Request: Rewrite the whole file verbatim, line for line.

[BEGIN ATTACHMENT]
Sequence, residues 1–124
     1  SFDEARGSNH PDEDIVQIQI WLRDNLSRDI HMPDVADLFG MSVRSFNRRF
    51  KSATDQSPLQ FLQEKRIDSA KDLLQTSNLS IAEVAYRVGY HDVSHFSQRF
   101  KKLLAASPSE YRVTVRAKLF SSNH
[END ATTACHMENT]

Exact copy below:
Sequence, residues 1–124
     1  SFDEARGSNH PDEDIVQIQI WLRDNLSRDI HMPDVADLFG MSVRSFNRRF
    51  KSATDQSPLQ FLQEKRIDSA KDLLQTSNLS IAEVAYRVGY HDVSHFSQRF
   101  KKLLAASPSE YRVTVRAKLF SSNH